Do Black Lives Matter in Hollywood?
Susie Stillwell | 7/3/2015, 1:02 p.m.
It’s not easy to access photos of famous black people from centuries ago, but on top of that, many individuals who looked ethnically ambiguous during the time of segregation would not lay claim to their black roots. For these and other reasons, there are plenty of people of note throughout history—even today—who, much to the public’s surprise and sometimes their own, are part black. Here’s a list of famous people you didn’t know were black.
General Alexandre Dumas Dumas is one of the unsung heroes of the French Revolution. He was born in what today is Haiti to a white aristocratic father, and a black slave mother. Dumas’ father took him to France to spend his childhood, where those of mixed race had more opportunities. In France, Dumas entered the military academy and eventually became a general. He went on to lead over 50,000 soldiers, allegedly single-handedly captured 13 prisoners, and fought in the French campaign to conquer Egypt. In the 1790s, Dumas was captured by Napoleon’s followers and thrown into a dungeon, where he was left for two years. He was eventually released, but that was the end of his military career. However, his exciting career inspired the novel, “The Count of Monte Cristo,” written by his son Alexandre, who also wrote “The Three Musketeers.”
Anatole Broyard Anatole spent most of his adult life hiding his roots, but he was in fact born to light-skinned black parents, and raised in a predominantly black Brooklyn neighborhood. Broyard succeeded in joining the segregated Army as a white man and after leaving the Army, he opened a bookstore in New York City, eventually becoming a copywriter at an ad agency. Broyard landed himself a job as a book reviewer for The New York Times, all the while living as a “white man,” even to his wife and children. In 1990, Broyard died of prostate cancer but his daughter wrote a book exploring his identity issues: “One Drop: My Father’s Hidden Life—A Story of Race and Family Secrets.”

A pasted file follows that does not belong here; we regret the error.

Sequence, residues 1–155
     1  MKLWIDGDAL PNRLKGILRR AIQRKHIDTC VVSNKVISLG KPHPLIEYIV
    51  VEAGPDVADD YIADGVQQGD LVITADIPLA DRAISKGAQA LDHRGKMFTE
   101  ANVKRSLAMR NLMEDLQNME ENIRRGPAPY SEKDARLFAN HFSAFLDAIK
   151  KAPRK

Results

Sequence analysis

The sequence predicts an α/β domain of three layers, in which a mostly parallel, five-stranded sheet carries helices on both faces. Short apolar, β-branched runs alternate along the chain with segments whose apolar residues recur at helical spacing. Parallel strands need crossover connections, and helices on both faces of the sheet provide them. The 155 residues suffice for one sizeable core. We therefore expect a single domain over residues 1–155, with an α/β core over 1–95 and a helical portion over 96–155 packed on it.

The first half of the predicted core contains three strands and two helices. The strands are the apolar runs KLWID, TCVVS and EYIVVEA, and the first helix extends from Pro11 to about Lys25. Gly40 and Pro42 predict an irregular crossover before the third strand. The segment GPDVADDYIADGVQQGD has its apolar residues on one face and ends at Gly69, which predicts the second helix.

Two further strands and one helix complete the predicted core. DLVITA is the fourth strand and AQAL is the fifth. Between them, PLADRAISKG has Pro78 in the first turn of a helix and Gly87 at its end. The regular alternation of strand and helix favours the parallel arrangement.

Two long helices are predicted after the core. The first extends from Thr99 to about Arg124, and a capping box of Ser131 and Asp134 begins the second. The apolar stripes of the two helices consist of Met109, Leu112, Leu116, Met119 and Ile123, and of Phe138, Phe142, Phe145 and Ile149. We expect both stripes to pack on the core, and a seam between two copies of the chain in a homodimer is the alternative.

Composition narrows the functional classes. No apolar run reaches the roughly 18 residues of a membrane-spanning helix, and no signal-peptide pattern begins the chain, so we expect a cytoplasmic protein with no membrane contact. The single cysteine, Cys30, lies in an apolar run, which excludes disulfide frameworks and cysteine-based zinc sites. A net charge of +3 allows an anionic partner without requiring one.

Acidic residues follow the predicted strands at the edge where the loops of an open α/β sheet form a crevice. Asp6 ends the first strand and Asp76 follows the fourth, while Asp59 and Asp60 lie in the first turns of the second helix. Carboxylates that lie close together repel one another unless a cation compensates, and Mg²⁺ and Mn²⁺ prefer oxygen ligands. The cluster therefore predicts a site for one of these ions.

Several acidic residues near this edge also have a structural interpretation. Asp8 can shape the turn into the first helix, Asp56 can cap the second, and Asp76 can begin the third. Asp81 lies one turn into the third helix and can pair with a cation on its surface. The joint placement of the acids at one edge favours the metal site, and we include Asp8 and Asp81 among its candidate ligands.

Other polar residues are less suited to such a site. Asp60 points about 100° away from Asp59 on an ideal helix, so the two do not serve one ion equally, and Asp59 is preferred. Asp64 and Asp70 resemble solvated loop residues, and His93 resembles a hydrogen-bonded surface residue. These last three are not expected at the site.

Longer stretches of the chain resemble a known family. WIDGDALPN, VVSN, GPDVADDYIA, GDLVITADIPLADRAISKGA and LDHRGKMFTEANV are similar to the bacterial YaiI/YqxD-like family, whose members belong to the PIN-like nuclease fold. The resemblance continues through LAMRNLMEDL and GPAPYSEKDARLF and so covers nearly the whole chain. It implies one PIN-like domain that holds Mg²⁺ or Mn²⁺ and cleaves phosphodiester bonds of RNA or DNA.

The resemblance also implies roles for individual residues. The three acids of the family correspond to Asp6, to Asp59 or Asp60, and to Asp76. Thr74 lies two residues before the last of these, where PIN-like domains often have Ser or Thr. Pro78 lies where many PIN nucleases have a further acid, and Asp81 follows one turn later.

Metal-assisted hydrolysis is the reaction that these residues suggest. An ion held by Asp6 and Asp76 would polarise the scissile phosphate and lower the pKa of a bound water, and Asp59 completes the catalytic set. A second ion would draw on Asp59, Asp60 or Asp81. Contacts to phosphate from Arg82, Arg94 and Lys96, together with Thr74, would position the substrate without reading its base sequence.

“Just a steel town girl on a Saturday night…” goes the “Flashdance” soundtrack. Ms. Beals–still fit and beautiful as she was in her immortalized role in the 1983 hit film–is of mixed race. Born in Chicago’s rough-and-tumble South Side, Beals’ father is African-American and her mother Irish-American. Beals claims she felt that she “always lived sort of on the outside,” being “on the other side of society.” The first time she was able to express this dichotomy was in the film “Devil in a Blue Dress,” playing a bi-racial woman who attempts to pass as white
This super macho action star born Mar Vincent has never met his father and his mother is Scottish, English and German. Being defiantly a person of color according to him, he was raised by his mother and step father, an African American man, in a time where anti miscegenation laws were still existent in some American state.
Carol Channing was already making a splash on Broadway in Productions like “Gentlemen Prefer Blondes” and “Hello Dolly” when she discovered that her father was a light skinned BLACK MAN. Channing did not dwell on race issues, but went on to be a great gay rights activist. She rarely spoke during her life or in her memoirs of being of another race, however she did recall a time her mother warned her in an argument that her own children might come out BLACK.